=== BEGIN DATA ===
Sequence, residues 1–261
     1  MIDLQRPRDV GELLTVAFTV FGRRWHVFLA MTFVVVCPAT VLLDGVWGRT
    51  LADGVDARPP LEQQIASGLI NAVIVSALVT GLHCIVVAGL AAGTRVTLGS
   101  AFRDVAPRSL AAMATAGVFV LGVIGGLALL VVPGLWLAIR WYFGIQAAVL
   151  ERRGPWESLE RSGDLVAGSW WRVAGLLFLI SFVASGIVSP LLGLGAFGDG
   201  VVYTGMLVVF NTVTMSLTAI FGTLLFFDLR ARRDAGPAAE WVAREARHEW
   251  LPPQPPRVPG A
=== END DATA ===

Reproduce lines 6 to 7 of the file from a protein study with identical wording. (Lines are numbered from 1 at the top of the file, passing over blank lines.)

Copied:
   201  VVYTGMLVVF NTVTMSLTAI FGTLLFFDLR ARRDAGPAAE WVAREARHEW
   251  LPPQPPRVPG A